- House passes VA reform compromise
- Obama admin to blame for HealthCare.gov woes, $840M cost: GAO
- Al Gore’s climate-changers at EPA hearings foiled by cool temperatures
- Army’s 3-D printed bombs will create ‘a whole new universe’ of deadly capabilities
- Hamas calls on Hezbollah to join in fight against Israel
- Senators to FIFA, others: Don’t reward Putin with the World Cup in 2018
- U.S. condemns Israeli shelling of shelter in Gaza
- Obamacare shoots premiums up by 88 percent in California
- Chicken pox outbreak puts illegal immigrant facility on lockdown
- Obama to Republicans: ‘Stop just hatin’ all the time’
Cavaliers’ rushing attack couldn’t get off the ground against Hokies
Virginia’s normally dangerous running game could get nothing going
Question of the Day
CHARLOTTESVILLE, Va. — Virginia Tech and Virginia each found its way into the red zone twice in the first half.
One team scored twice, the other had nothing to show for it. That, in brief, was the story of Saturday's Commonwealth Cup crushing, a 38-0 result for Virginia Tech.
Virginia entered the game flying high after knocking off three big-time opponents this year, but those games were played to perfection, and this one was far from it.
"Against Miami and Florida State, when the offense got the ball in the red zone, we scored points," receiver Kris Burd said.
First up was a fourth-down play from the Hokies' 6-yard line. Needing a yard and a half, coach Mike London didn't hesitate to go for it, calling for Kevin Parks on a power run, as he's done all year.
"It was the opportunity to send a message to our guys up front that if you're going to win championships, if you're going to win games, you've got to be able to knock people off the ball and gain a yard," London said.
Instead, Parks was stopped. Later in the half, with the ball on Tech's 20, quarterback Michael Rocco was forced to scramble backwards and coughed up the football, sending Virginia to the locker room with no points.
"We knew going into halftime we weren't playing our best football," linebacker Steve Greer said. "That was the message, we've got to play our brand of football."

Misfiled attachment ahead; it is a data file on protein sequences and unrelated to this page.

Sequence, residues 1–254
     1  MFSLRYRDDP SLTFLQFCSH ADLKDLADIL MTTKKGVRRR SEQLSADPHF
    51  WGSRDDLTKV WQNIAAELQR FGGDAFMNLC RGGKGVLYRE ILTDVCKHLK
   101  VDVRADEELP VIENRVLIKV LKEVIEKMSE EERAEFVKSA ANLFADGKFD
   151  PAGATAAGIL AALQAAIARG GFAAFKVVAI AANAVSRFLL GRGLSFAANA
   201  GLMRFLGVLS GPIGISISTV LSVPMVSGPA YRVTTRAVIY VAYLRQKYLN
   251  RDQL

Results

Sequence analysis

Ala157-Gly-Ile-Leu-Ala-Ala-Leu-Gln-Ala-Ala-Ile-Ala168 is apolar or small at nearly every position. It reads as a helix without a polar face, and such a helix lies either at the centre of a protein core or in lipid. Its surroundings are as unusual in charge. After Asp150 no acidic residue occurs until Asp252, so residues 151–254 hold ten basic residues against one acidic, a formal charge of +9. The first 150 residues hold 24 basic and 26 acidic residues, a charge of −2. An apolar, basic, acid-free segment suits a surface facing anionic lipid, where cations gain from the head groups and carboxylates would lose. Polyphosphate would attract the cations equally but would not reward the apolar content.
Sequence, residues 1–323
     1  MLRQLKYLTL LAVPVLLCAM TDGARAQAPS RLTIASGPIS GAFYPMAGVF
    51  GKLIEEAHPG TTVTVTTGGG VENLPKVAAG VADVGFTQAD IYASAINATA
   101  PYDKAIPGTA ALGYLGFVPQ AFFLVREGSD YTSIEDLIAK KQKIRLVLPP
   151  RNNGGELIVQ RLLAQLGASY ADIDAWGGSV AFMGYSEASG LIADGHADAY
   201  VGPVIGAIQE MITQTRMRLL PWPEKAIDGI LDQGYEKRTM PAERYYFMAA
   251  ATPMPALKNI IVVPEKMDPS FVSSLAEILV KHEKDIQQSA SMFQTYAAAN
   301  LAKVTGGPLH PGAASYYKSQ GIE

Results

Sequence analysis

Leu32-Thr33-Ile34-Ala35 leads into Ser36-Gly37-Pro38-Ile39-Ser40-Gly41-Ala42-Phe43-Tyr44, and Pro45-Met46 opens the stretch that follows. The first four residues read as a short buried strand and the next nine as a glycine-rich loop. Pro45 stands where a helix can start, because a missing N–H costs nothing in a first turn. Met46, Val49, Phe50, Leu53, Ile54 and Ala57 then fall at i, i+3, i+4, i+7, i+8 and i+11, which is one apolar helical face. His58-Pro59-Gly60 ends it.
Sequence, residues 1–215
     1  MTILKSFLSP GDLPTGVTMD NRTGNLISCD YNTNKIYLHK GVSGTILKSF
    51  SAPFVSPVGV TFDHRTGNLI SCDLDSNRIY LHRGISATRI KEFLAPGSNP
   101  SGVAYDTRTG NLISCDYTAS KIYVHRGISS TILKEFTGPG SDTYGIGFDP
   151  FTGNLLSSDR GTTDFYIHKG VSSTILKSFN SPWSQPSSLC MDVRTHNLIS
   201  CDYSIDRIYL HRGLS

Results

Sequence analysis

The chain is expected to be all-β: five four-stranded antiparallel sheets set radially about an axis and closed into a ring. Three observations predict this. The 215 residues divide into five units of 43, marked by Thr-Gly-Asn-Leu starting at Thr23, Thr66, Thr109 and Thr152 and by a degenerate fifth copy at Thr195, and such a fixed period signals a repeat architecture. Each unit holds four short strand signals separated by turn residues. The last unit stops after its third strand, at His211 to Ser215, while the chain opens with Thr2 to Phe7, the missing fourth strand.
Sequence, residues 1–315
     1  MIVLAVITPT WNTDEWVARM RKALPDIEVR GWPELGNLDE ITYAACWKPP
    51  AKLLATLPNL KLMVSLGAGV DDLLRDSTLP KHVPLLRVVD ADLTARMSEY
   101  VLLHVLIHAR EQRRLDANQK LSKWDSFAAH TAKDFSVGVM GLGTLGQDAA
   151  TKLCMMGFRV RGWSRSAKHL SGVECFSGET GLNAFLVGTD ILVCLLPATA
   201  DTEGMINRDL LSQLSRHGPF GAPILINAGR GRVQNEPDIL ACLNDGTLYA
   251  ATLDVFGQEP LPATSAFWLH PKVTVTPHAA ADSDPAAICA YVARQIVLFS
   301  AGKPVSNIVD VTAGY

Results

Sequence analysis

The second half opened, though, with more of the same. Rocco was sacked on a third down, and a 38-yard field goal went wide right.
The offensive problems were exaggerated by the lack of a running game. Perry Jones, Kevin Parks and Clifton Richardson combined for 35 yards, and didn't run for more than five on any one play.
It was the second straight week that the potent attack has been shut down.
"We had a lot of mistakes. You could see that from the sideline, and everybody had a part in it," Jones said. "It doesn't matter what the defenses do, it's up to us to move them off the ball and get positive yardage, and we haven't been able to do that these last couple weeks."
If there was a positive to the lack of rushing success, it opened the door for a handful of long passes, something that has been in short supply this year.
Those big gains turned into stalled drives, and the Wahoos finished just 3-for-11 on third downs.
It was a flat showing, particularly given the team's success against Miami, Florida State and Georgia Tech this year.
With a bowl game still ahead, Virginia coach Mike London will use every bit of practice time he can, and will bring the players back for a workout Sunday.
He said he didn't want the loss to the Hokies to define the season.
"In no way are we disappointed in the season," he said. "The good thing is you get a chance to end the season on a positive note."
Read Michael Phillips' U.Va. blog at TimesDispatch.com
- Geraldo Rivera: Matt Drudge 'doing his best to stir up a civil war'
- Al Gore's climate-changers at EPA hearings foiled by cool temperatures
- Catholic League slams Obama: 'Do Christian lives mean so little to you?'
- Lois Lerner hated conservatives, new emails show
- House unveils bill to speed deportations of illegal immigrant children
- HURT: Impeaching Obama is a losing strategy for the GOP
- Federal judge grants 90-day stay in D.C. gun case
- CARSON: Rudderless U.S. foreign policy
- Patent workers paid to exercise, shop, do chores: report
- House votes to sue President Obama over claims of presidential power
Obama's biggest White House 'fails'
Celebrities turned politicians
Athletes turned actors
20 gadgets that changed the world